Tetanus usually presents with a stiff neck and back, difficulty in opening the mouth progressing to difficulty in swallowing, facial and limb muscle spasms, and profuse sweating. Such patients rapidly progress to respiratory embarrassment, which is the usual causeof early death if not managed aggressively. Milder forms with focal spasm also occur but are uncommon in injecting drug users. Symptoms are caused by toxin binding to and inhibiting the γ—aminobutyric acid mediated spinal inhibitory neurons, increasing both spinal and autonomic transmission and muscle activity. No definitive laboratory test exists, but a clinical diagnosis is supported by culture of C tetani, detection of circulating tetanus toxin, and absence of tetanus antibodies. Most patients have had contaminated soft tissue wounds from injecting, from which a variety of anaerobes including other Clostridia have been cultivated as well as C tetani.

Early recognition and treatment are essential to reduce the mortality from 100% to below 10%. Early intubation and assisted ventilation with prolonged intensive care are usually required, details of which have been reviewed.11 12 Wounds should be debrided thoroughly, and systemic metronidazole is probably preferable to penicillin, which has γ—aminobutyric acid agonist activity that may potentiate symptoms. Human tetanus immunoglobulin should be given as soon as possible. The evidence for its use, the route used, and the dosage is poor, but a single dose of 5000-10 000 unitsis usually given intravenously. The intravenous preparation has to be obtained by courier. The intramuscular preparations, usually used for tetanus prophylaxis after a tetanus prone wound has occurred, may be used instead, but this requires large intramuscular injections (1 ml typically contains only 250 units), and such preparations should not be givenintravenously.13 Past meta-analyses, which do notsupport the intrathecal administration of human tetanus immunoglobulin, have been challenged by a recent prospective study in Brazil showing benefit over the intramuscular route.14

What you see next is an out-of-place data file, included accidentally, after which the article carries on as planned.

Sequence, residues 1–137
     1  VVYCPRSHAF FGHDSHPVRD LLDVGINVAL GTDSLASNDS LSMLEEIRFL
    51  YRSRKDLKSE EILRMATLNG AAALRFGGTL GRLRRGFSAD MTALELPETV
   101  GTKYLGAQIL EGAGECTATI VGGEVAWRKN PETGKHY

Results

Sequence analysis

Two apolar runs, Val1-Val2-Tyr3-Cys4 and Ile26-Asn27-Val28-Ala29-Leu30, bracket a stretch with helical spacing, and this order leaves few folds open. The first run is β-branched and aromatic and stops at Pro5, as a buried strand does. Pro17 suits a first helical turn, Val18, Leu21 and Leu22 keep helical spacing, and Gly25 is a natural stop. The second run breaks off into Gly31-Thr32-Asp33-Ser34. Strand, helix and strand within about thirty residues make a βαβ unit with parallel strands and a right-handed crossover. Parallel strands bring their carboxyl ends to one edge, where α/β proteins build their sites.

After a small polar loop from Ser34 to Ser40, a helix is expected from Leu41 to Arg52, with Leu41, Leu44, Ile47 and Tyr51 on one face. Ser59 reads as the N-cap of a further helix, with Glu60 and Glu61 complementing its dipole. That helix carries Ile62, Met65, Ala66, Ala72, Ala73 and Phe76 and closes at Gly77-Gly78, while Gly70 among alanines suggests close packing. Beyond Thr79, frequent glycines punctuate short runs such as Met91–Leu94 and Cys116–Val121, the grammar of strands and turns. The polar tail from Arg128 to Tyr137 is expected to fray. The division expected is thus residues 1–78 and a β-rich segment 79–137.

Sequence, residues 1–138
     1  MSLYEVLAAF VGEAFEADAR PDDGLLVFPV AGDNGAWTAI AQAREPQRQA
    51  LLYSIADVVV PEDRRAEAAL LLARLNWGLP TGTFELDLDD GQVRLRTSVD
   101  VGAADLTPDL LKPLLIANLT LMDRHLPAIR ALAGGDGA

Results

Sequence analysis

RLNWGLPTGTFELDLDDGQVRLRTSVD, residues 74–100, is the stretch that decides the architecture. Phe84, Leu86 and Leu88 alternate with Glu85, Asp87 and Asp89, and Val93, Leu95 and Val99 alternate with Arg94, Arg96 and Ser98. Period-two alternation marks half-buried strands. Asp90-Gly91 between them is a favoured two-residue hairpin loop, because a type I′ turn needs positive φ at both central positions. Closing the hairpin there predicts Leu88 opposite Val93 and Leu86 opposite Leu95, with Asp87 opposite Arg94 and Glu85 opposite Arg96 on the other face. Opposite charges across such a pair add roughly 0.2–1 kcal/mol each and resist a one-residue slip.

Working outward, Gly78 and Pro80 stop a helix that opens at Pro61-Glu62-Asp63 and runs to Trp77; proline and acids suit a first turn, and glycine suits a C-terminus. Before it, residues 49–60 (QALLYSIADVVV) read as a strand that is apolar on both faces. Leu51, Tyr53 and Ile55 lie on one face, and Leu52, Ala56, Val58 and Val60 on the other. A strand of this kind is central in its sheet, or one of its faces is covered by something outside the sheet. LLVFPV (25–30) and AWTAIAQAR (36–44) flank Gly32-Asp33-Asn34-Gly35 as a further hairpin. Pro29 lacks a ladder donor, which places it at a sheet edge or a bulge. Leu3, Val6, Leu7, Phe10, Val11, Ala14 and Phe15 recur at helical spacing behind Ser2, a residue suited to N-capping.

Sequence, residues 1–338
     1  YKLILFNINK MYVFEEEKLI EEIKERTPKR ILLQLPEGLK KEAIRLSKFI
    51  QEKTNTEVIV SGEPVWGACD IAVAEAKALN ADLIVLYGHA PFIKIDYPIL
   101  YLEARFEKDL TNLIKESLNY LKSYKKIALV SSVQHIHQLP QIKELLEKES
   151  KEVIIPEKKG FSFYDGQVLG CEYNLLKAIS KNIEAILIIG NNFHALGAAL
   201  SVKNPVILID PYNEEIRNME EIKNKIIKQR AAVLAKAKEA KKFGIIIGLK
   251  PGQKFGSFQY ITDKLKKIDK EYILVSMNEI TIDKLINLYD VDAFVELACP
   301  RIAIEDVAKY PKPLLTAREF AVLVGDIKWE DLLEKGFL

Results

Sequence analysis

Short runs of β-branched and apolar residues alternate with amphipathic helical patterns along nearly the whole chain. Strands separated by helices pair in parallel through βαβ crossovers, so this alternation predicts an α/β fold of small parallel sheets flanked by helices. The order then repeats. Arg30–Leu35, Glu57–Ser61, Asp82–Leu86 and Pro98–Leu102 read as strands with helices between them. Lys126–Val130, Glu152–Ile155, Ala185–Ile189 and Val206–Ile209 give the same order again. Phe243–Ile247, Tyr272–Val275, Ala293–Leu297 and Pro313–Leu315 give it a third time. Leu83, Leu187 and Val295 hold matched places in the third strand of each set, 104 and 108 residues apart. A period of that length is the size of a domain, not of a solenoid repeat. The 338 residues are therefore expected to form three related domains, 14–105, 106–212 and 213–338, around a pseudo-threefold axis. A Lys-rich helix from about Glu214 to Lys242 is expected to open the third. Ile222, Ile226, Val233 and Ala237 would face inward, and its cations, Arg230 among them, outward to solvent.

Assisted ventilation and paralysis may be required for several weeks. Paralysing agents such as pancuronium can worsen sympathetic overdrive, and magnesium infusions are used to try to reduce this. Autonomic instability leads to wild swings of heart rate and bloodpressure that are difficult to control even with short acting β blockers and that can lead to sudden cardiac death typically in the second or third week.

Clinicians should consider the systemic effects of apparently trivial wound infections in injecting drug users who present with unexplained collapse, sepsis, or odd neurological symptoms, which might otherwise be dismissed as the direct results of drug intoxication. Suspected cases of tetanus or botulism should be notified immediately to the local Health Protection Agency (HPA) unit, which can advise on public health measures and specialist laboratory diagnostic support available from the HPA's specialist and reference microbiology division (http://www.hpa.org.uk/).


  • Competing interests None declared.


  1. 1.
  2. 2.
  3. 3.
  4. 4.
  5. 5.
  6. 6.
  7. 7.
  8. 8.
  9. 9.
  10. 10.
  11. 11.
  12. 12.
  13. 13.
  14. 14.
View Abstract

Sign in

Log in through your institution